• Limited programming functionality

He went on to distill his concept in the now famous 2013 Ethereum white paper – and thus, Ethereum was born.

After being introduced to Vitalik by a mutual friend, Dr. Gavin Wood, a computer scientist, wrote a more technical breakdown of the concept in the Ethereum yellow paper.

In August of 2014, the Ethereum project reached a critical milestone when it raised $18 million (60 million Ether) in only one month, via a crowdsale to a bevy of hardcore fans.

A year later, on July 30th, 2015, the Ethereum Blockchain went live.

Today, Ethereum is the second most successful application of Blockchain Technology (by market capitalization), the first being Bitcoin.

Just like Bitcoin, no one entity controls the Ethereum Blockchain. It’s public, free, and can be accessed and used by anyone.

Ethereum – The World Computer

When a smart contract on the Ethereum Blockchain triggers a transaction, all 6,000 nodes on the network execute that transaction almost simultaneously.

This is why Ethereum is often referred to as ‘The World Computer.’

Ethereum – ‘The World Computer’

For illustrative purposes only

The transaction is then validated by each node. A system called proof-of-work (also used on the Bitcoin network), is used to ensure consistency of transactions across the entire network.

Proof-of-work (PoW) has several pros and cons that I won’t get into right now. Just understand that its major drawback is the gargantuan amount of electricity it requires. For this reason, Ethereum is in the process of switching to a different system called proof-of-stake (read more about these two approaches here.)

After all transactions have been timestamped and validated, they are included (most of the time) in the latest ‘block’ of transactions on the Ethereum Blockchain as public, permanent, immutable records.

Like a virtual heartbeat, one block is created like this every 14 seconds (check the current block time here).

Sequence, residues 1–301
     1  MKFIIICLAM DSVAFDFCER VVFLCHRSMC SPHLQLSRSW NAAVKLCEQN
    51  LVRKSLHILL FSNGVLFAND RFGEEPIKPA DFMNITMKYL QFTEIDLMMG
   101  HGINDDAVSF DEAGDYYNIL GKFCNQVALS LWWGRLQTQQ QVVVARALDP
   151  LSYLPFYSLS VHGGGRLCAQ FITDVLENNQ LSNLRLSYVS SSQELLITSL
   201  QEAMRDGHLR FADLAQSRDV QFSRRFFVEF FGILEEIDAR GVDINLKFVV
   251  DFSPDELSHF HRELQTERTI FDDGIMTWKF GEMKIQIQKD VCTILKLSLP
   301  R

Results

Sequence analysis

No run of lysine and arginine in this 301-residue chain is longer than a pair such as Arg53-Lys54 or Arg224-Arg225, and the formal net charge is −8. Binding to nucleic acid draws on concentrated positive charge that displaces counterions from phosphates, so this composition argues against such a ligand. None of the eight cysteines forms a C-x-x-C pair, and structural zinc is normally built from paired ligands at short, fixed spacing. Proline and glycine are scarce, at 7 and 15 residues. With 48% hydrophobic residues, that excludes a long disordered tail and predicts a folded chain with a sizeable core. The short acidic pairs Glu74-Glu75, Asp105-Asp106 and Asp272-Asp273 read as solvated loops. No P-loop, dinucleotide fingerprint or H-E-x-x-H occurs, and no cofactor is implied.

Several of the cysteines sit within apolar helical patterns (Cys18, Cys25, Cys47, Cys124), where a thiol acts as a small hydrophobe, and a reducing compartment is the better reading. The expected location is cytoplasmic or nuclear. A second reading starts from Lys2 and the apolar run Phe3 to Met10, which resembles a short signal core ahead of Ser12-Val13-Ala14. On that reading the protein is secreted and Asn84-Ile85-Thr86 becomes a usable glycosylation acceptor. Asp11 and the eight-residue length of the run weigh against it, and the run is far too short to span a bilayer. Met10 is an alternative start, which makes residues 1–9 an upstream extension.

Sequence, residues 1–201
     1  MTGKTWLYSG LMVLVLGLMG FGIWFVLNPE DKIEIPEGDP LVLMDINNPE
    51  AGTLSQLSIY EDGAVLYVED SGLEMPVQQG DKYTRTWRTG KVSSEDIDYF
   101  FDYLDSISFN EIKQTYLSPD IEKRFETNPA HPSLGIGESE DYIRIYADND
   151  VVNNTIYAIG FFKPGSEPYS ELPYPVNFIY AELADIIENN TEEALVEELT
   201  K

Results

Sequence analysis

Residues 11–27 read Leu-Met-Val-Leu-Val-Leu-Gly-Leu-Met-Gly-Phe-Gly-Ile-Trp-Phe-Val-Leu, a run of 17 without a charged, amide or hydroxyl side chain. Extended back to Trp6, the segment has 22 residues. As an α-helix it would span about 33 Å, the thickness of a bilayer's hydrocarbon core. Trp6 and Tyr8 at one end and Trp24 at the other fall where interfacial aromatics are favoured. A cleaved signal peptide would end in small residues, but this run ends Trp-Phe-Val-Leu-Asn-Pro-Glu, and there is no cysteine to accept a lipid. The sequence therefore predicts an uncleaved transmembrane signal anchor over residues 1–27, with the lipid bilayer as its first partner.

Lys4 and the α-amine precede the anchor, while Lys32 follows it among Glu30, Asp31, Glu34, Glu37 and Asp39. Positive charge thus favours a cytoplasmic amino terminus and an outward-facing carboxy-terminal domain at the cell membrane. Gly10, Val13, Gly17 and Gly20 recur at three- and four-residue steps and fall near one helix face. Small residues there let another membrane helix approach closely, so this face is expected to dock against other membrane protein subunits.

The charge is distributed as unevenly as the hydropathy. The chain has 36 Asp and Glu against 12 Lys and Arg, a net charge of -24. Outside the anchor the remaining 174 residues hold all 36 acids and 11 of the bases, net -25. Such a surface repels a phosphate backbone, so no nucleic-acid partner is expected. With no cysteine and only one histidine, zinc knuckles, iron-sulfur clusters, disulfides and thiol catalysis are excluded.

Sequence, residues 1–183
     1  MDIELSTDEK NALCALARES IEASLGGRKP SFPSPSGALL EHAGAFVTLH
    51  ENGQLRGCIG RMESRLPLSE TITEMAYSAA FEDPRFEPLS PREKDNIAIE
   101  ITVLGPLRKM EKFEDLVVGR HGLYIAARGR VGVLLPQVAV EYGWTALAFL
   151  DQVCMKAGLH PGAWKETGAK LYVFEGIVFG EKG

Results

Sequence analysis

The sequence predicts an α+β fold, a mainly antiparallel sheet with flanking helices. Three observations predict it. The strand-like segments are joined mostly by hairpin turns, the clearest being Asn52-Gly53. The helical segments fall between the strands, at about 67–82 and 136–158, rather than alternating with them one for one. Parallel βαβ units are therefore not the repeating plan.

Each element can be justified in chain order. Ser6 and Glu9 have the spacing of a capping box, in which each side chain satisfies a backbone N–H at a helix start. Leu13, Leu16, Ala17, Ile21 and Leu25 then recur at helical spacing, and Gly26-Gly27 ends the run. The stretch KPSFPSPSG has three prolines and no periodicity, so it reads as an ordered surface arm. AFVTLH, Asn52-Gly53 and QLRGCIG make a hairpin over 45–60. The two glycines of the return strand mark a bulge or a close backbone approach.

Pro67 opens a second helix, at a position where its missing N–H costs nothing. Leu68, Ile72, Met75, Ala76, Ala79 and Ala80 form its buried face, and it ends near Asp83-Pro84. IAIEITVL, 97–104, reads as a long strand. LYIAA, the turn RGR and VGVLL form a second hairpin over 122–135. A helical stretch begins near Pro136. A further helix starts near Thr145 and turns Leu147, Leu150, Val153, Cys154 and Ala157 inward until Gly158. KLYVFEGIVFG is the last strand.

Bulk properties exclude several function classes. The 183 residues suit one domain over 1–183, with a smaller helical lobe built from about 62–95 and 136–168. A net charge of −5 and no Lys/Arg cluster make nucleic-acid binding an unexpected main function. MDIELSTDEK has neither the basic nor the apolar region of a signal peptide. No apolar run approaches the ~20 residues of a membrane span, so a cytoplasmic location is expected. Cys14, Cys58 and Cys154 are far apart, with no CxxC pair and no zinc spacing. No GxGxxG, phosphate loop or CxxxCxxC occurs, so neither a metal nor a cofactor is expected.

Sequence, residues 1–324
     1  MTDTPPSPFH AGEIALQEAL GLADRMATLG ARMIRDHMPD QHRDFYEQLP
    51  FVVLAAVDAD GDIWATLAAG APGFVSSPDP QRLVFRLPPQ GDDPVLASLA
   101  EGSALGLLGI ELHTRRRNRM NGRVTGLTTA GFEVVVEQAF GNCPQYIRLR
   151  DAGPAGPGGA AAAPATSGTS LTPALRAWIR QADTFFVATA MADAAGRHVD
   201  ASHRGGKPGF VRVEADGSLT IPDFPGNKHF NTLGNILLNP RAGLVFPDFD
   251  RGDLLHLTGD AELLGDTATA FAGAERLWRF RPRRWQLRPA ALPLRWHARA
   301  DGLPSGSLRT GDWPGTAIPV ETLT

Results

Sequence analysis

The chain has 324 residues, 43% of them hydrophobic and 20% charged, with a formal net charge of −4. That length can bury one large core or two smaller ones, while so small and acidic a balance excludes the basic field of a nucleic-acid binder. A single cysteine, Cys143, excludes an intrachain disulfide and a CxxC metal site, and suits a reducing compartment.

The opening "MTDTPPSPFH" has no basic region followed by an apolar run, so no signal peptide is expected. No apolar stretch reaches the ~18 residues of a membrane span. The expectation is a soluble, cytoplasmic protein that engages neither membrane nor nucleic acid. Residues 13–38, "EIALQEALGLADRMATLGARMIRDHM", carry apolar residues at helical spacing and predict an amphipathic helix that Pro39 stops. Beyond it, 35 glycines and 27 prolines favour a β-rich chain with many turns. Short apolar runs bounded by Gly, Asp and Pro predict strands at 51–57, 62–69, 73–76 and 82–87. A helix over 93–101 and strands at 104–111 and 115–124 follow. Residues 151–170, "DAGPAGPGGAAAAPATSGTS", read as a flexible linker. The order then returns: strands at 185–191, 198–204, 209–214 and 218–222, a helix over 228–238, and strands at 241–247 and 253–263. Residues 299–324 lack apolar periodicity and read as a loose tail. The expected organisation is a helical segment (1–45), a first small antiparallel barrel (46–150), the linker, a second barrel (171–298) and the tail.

In short, Ethereum advanced Bitcoin’s concept of a decentralized global payment network, to a global computational network.

Ether

Ether (symbol: ETH) is the name of Ethereum’s native cryptocurrency. At the time of this writing, Ether’s global market capitalization is approximately $1 billion – second only to the king of digital currencies – Bitcoin (about $16 billion).

 

Official Ethereum logo

Courtesy of the Ethereum Foundation

All transactions on the Ethereum Blockchain incur fees, and those fees are paid for in Ether.

Ethereum also allows the use of any digital currency (you can even create your own), but converts that currency into Ether for execution on its network.

If you’re familiar with the more popular Bitcoin (symbol: BTC), you probably already know that Bitcoin’s global money supply is capped at 21 million BTC.

Ether is handled a bit differently. Current global supply is just shy of 90 million ETH. Annual supply is capped at 18 million ETH per year, at least until the Ethereum Blockchain switches from PoW to PoS (proof-of-stake).

Just like Bitcoin, you can buy and sell Ether on all major cryptocurrency exchanges like Coinbase and Kraken.

 

Popular Ether Wallets

If you decide to go out and buy yourself some Ether, make sure you have a decent digital wallet to store it in. As with Bitcoin, it’s possible to permanently lose your Ether whenever you move it around.

Here are some options recommended by IBM’s Henning Diedrich:

At the end of the day, the power of Ethereum is in its smart contracts, not in Ether.

Conclusion

I’m a big fan of the Pareto Principle (the 80/20 rule) and I’ve used it with this article. If you’re a novice, I’ve gone over what I consider to be the fundamental attributes of Ethereum – at a very high level of course.

If you really want to see how deep the rabbit hole goes:

  1. Read the Ethereum white paper
  2. Read the Ethereum yellow paper (super technical)
  3. Read the Ethereum Foundation’s blog
  4. Stay current with ongoing developments – Ethereum is in its infancy, and it’s changing very quickly

My question to you: Does Ethereum make sense now? Let me know in the comments section below.

 

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2 Comments

  1. Thomas

    Great post! Have nice day ! 🙂

    Reply
  2. Mac Strouth

    I couldn’t resist commenting. Well written!

    Reply